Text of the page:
Work in progress in coal mines in Jharsuguda (Image source: IWP Flickr album)
Boosting rural livelihoods using agriculture and MGNREGA amidst Covid-19
Strengthening farm and non-farm livelihoods can pave the way for food and nutritional security. Amita Bhaduri posted 1 year 1 month ago

As the Covid-19 pandemic was leaving deep scars around the globe, it forced governments to take measures to protect citizens and ensure food security for its people. In India, initially, it looked as if the remote rural areas would skirt the pandemic.

MGNREGA can play an important role in integration of migrant labour in the rural economy (Image: Ashutosh Nanda)
Dams spell doom for freshwater fish
A global study finds that freshwater fish suffer more due to fragmentation and loss of connectivity of rivers due to building of dams. Aarti Kelkar Khambete posted 1 year 1 month ago

Dams threaten freshwater biodiversity

Dams can threaten biodiversity (Image Source: India Water Portal)
Climatic shocks wreak havoc on the Mahanadi delta
Much of the Mahanadi's deltaic coast is experiencing varying degree of erosion, a situation which is expected to worsen by 2050. Amita Bhaduri posted 1 year 6 months ago

The Mahanadi delta in Odisha is a composite delta fed by water, sediments and nutrients from a network of three major rivers: Mahanadi, Brahmani and Baitarini. The coastline of the delta is approximately 200 km long, extending from the Chilika lagoon in the south to the Dhamara river in the north.

The people living in the Mahanadi delta are forced to cope with frequent disasters, but recent progress in warnings, evacuation and shelters seems to have reduced losses. Urban areas in the delta are expanding and there is rural to urban migration which can be expected to continue. These urban areas will have important implications for the future of the delta. (Image: Helmer, Flickr Commons)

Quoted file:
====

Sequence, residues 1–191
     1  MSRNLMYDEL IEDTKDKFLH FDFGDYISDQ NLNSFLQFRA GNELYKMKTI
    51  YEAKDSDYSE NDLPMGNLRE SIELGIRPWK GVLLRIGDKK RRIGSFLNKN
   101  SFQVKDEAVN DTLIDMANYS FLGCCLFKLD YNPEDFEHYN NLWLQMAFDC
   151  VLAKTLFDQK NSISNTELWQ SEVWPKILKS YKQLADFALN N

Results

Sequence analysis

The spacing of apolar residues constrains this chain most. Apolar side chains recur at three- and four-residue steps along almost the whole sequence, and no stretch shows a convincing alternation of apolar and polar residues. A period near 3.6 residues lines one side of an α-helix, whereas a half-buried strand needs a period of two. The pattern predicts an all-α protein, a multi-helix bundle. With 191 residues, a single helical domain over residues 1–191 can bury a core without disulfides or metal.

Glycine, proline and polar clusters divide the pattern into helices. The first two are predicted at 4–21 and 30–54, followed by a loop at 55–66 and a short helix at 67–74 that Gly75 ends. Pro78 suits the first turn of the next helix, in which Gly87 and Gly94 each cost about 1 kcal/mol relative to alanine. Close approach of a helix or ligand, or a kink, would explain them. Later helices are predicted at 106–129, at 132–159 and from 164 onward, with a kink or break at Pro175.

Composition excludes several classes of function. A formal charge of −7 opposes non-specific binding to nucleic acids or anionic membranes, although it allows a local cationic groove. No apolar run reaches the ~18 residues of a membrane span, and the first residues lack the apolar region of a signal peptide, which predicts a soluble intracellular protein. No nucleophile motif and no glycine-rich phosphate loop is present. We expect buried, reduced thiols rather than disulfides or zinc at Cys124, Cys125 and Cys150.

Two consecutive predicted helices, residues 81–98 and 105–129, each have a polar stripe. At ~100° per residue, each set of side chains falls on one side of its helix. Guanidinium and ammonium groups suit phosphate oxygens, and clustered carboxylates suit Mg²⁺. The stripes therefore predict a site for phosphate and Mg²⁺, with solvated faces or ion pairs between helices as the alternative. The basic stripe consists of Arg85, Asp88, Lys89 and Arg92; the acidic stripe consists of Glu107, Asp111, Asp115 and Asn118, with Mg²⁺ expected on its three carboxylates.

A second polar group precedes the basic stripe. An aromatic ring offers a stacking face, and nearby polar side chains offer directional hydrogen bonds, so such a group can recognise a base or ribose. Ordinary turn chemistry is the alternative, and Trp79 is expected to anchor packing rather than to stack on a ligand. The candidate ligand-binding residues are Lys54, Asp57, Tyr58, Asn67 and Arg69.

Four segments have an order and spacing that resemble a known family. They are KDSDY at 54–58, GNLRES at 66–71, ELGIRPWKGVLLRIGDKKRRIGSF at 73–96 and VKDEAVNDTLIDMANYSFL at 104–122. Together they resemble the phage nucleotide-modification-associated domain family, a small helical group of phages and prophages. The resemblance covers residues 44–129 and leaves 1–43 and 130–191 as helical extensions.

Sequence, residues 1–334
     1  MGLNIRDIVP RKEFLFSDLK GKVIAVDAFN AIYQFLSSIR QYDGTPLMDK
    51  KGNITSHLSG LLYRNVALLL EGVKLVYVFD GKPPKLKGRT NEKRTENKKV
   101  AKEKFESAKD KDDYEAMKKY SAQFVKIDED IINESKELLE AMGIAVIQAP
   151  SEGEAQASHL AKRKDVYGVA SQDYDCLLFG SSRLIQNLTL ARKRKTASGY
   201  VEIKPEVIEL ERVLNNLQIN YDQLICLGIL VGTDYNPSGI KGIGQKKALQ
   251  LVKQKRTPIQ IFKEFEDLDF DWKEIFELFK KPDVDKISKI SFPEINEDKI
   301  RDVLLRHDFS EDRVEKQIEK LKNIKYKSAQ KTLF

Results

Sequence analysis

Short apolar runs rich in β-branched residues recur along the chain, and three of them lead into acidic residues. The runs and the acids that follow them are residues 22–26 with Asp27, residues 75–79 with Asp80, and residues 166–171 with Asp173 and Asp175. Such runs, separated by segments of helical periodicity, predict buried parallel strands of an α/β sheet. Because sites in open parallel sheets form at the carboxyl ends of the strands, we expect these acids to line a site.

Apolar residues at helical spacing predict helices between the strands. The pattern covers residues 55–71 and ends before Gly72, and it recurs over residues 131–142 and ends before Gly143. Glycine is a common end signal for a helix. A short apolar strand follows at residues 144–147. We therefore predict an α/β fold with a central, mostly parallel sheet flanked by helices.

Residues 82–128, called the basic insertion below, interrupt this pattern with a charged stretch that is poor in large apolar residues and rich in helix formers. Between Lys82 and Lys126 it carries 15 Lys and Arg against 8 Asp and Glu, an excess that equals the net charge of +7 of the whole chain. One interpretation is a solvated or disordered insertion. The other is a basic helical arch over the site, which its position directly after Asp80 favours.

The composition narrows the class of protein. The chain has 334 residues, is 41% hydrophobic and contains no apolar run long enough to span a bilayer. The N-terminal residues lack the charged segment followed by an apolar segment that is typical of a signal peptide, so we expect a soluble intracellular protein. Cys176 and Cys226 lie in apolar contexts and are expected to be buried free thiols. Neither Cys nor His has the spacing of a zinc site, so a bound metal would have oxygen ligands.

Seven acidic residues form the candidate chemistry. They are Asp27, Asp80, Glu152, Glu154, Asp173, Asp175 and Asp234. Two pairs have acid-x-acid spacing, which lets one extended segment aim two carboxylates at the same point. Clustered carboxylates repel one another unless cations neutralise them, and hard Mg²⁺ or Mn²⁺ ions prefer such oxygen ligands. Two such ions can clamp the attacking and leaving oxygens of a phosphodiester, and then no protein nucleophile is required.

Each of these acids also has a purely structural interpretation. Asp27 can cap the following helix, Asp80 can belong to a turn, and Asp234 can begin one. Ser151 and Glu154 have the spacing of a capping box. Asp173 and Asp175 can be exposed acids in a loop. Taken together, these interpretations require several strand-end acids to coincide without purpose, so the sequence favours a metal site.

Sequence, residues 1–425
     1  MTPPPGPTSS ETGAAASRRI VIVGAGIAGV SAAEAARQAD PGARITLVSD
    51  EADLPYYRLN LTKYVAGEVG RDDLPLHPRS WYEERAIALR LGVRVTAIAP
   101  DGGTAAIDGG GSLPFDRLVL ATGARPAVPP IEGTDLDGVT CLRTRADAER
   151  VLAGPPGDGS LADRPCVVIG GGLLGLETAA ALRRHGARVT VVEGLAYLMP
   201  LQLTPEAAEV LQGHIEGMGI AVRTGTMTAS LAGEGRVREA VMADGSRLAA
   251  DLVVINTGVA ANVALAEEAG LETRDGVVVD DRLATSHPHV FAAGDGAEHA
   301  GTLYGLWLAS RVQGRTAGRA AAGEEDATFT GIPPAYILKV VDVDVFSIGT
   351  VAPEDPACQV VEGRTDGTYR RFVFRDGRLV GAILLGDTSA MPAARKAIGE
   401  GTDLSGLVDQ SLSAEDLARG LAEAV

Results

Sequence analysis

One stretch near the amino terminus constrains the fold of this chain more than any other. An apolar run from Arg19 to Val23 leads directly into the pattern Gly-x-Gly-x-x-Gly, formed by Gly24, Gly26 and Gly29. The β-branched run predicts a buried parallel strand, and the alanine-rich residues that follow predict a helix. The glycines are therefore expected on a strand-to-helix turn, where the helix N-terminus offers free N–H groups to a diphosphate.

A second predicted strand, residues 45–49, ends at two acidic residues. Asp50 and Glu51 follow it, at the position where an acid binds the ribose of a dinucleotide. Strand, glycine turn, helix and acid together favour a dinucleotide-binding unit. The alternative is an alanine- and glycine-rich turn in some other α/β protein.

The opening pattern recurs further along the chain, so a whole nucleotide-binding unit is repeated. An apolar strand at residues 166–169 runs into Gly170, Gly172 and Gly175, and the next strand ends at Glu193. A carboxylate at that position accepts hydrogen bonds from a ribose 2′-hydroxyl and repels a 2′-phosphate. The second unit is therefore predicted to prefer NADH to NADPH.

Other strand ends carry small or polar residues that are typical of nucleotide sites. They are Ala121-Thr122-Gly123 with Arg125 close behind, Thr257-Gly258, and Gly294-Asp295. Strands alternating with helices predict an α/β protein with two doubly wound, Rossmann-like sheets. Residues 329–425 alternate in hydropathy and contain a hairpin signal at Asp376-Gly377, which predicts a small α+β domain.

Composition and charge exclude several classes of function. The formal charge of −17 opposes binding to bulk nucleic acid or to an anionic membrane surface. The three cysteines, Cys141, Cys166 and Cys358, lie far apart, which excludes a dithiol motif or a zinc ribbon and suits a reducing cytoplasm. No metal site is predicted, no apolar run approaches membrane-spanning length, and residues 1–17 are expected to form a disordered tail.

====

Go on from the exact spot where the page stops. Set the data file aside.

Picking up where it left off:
The Karnataka State Water Policy 2019
The Karnataka Jnana Aayoga (KJA) set up a Task Group to draft a new water policy for Karnataka in December 2017 and the report is now in public domain. What are the suggestions that the report makes? Aarti Kelkar Khambete posted 1 year 6 months ago

The water crisis in Karnataka has not only led to severe agrarian distress in the eastern plains region but also created an acute shortage of domestic water, in both rural and urban areas. The 21st century has seen significant changes in demography, economy and agriculture, increasing the demand for water in the state.

Groundwater depletion, a growing challenge (Image Source: India Water Portal)
Government notifies new wetland conservation rules
Policy matters this week Swati Bansal posted 1 year 6 months ago

Environment Ministry notifies new wetland conservation rules

Deepor Beel, a wetland in Assam (Source: IWP Flickr photos)
Shoddy impact assessments, mining and ruin in Goa
A study finds that weak environmental assessment reporting on the adverse impacts of mining has spelled doom for Goa’s environment. Aarti Kelkar Khambete posted 1 year 8 months ago

Development and its impact on the environment has long been a contentious issue in India, where lack of adequate monitoring and control mechanisms have led to severe degradation of land, water and forest resources. Mining activities in Goa have not only poisoned its land and water, but also affected livelihoods by negatively impacting agriculture, fisheries and forests.

A mining site in India (Image Source: Wikimedia Commons)